My simple message to investors is that if you manage your behaviour in such a way that will consistently take advantage of other investor’s mistakes of performance chasing or panicky capitulation, you can achieve comparatively superior, long term, real life returns.
Last week, I promised three simple methods of rebalancing an investment portfolio in order to take advantage of investment volatility.
Rebalancing is the process of returning a portfolio to an investor’s predetermined appropriate mix. This is necessary, because the movement of various investments and markets over time can cause the initial allocation to change.
Assets that have done well become a bigger piece of the pie, while laggards atrophy to a smaller proportion. By rebalancing a portfolio, you’re aiming to sell your hot investments before they turn cold and then use the proceeds to buy investments that are warming up.
The biggest benefit to rebalancing an investment portfolio is that it reduces risk.
By determining a proper asset allocation and regularly rebalancing, the investor—not the market—determines the level of risk in the portfolio. It’s always better to be the rancher than the cow!
The first way is to rebalance on a regular, periodic basis like annually. Research shows that rebalancing more than that is not useful!
You’ll work harder and longer, pay higher transaction costs and taxes and actually get paid less. It’s up to you, but I would suggest that you don’t do that!
Personally, I prefer to work less and get paid more. As a result, my favourite method of determining when to rebalance is not time based.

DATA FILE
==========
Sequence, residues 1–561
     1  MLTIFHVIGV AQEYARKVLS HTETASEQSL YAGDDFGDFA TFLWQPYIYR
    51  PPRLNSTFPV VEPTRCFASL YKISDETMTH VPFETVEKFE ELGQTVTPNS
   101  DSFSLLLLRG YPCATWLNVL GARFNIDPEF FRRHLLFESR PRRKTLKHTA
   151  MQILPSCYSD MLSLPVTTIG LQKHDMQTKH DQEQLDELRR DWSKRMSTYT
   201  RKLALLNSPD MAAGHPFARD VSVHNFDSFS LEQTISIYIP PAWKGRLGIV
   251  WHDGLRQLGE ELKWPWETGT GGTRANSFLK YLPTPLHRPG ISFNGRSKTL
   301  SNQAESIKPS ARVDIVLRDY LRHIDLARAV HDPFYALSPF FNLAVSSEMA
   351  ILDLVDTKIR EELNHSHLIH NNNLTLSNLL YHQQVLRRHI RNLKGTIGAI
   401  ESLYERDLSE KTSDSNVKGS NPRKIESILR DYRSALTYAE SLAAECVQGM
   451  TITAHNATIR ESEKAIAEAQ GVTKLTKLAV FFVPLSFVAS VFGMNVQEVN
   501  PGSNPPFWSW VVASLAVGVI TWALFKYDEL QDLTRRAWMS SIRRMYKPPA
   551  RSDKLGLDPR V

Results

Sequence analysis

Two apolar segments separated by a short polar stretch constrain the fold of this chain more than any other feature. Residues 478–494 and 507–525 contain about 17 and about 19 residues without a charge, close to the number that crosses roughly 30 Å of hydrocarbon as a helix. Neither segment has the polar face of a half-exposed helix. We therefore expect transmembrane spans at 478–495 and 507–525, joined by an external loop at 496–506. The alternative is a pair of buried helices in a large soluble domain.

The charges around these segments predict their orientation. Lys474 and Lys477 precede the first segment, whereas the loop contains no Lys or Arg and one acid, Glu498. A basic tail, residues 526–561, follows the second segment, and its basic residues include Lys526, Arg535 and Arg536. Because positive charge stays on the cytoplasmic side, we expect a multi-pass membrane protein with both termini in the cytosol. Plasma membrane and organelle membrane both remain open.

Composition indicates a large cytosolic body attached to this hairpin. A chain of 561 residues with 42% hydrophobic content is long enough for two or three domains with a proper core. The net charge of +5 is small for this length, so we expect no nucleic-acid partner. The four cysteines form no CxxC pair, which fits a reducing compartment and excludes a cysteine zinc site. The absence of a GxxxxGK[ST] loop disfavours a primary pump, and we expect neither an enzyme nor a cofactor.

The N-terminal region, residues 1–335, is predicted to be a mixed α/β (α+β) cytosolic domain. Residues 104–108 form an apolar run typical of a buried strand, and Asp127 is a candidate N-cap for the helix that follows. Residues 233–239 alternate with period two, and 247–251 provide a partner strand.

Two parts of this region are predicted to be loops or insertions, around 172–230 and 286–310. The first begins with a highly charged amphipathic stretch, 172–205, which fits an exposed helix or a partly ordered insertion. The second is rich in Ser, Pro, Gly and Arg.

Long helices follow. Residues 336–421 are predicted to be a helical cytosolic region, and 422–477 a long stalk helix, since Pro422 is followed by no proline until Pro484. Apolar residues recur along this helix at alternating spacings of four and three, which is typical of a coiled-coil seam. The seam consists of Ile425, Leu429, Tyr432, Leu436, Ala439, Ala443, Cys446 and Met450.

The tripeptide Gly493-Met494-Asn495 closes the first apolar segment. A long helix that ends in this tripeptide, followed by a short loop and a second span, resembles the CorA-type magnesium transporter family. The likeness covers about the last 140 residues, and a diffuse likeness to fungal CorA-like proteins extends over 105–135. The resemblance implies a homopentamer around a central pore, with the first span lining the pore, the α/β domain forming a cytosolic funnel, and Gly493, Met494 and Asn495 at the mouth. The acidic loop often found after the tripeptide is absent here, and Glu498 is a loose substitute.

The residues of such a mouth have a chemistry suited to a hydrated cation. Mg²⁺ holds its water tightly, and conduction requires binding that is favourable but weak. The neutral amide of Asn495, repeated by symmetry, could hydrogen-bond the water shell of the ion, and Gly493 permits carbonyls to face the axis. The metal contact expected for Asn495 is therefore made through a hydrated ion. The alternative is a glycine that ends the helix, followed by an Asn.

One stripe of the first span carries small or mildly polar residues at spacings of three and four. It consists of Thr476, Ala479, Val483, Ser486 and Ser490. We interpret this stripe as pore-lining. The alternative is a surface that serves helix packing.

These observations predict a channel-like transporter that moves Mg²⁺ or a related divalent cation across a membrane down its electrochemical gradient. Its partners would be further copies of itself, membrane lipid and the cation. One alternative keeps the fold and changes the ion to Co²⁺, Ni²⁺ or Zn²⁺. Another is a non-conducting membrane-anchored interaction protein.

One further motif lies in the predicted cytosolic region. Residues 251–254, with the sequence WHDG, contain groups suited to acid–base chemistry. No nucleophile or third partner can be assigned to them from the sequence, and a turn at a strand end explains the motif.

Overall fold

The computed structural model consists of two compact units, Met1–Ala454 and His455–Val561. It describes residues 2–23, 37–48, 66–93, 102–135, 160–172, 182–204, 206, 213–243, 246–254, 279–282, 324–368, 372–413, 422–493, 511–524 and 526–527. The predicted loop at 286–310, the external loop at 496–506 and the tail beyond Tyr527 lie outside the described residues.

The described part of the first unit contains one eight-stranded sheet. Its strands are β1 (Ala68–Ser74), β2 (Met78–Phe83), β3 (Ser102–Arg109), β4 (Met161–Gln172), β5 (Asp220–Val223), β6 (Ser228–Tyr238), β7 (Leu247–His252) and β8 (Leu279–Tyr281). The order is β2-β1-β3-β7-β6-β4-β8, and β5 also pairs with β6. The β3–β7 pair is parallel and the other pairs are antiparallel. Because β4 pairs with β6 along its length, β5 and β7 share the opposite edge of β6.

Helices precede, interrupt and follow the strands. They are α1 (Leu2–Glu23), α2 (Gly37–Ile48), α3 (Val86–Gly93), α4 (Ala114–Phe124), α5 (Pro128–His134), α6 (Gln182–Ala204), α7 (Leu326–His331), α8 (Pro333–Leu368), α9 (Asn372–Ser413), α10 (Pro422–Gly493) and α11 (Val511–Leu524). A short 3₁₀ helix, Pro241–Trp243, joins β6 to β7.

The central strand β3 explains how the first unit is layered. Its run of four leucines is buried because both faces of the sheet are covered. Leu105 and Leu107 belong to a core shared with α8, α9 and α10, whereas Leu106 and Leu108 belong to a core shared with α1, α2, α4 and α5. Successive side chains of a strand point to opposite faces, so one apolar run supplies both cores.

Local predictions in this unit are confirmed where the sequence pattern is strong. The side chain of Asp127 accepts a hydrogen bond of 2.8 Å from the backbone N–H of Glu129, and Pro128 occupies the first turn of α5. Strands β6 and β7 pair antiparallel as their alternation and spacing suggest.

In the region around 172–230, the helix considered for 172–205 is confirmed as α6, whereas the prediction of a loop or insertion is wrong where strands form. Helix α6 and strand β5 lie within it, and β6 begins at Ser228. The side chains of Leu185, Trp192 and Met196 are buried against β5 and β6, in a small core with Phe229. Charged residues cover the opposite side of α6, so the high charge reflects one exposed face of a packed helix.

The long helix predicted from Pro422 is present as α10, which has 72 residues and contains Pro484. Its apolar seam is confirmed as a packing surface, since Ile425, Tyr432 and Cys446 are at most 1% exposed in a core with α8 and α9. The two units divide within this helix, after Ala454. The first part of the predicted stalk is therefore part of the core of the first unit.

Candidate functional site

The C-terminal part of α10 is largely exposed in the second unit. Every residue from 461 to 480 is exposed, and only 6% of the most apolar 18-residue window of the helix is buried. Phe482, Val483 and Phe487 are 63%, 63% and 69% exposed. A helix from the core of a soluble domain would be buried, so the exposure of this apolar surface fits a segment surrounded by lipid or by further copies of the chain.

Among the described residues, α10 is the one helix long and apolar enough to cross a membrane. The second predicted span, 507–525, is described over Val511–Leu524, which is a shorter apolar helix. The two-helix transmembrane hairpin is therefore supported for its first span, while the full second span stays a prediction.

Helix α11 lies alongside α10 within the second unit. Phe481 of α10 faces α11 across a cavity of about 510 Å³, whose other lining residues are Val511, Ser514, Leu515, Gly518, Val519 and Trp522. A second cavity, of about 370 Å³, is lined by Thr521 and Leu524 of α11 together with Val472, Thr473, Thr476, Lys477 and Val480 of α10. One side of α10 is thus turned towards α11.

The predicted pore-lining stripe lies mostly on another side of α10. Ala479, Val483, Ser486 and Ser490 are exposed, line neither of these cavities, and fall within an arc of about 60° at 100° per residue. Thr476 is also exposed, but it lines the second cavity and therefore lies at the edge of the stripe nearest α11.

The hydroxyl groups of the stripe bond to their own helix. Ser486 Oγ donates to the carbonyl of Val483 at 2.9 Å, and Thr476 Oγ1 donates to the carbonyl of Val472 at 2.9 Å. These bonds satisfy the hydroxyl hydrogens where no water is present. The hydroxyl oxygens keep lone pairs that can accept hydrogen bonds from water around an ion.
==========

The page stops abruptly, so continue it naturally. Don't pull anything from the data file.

I prefer to set predetermined percentage targets around each asset class.
For example, suppose that I decided to rebalance once an asset class reaches a certain percentage level—such as 10% below or above my target allocation.
Thus if my asset mix goal is that a certain asset class makes up 50% of my portfolio, I would rebalance when that asset declines to 45% or grows beyond 55 %.
Suppose that I had a simple portfolio of 50% fixed income and 50% equities. If the markets were like they were last year, my fixed income portfolio may have grown to be 55% and the equity portion may have shrunk to 45%.
My parameters required that I trim the fixed income to 50%. In essence, I have just sold high and taken profits on my fixed income.
That 5% would then be rebalanced to buying more of the equities so that the asset class goes back to its original 50% allocation. I’ve just bought equities low!
My third method entails the use of the regular cash flows in and out of a portfolio to rebalance.
If you are still saving, you use your regularly contributed savings to buy more of the under-weighted assets and less of the over-weighted assets.
For those of you who are taking money from your investment portfolio, just do the mirror image.
Take more from the allocations that are currently up and less money from the allocations that are down.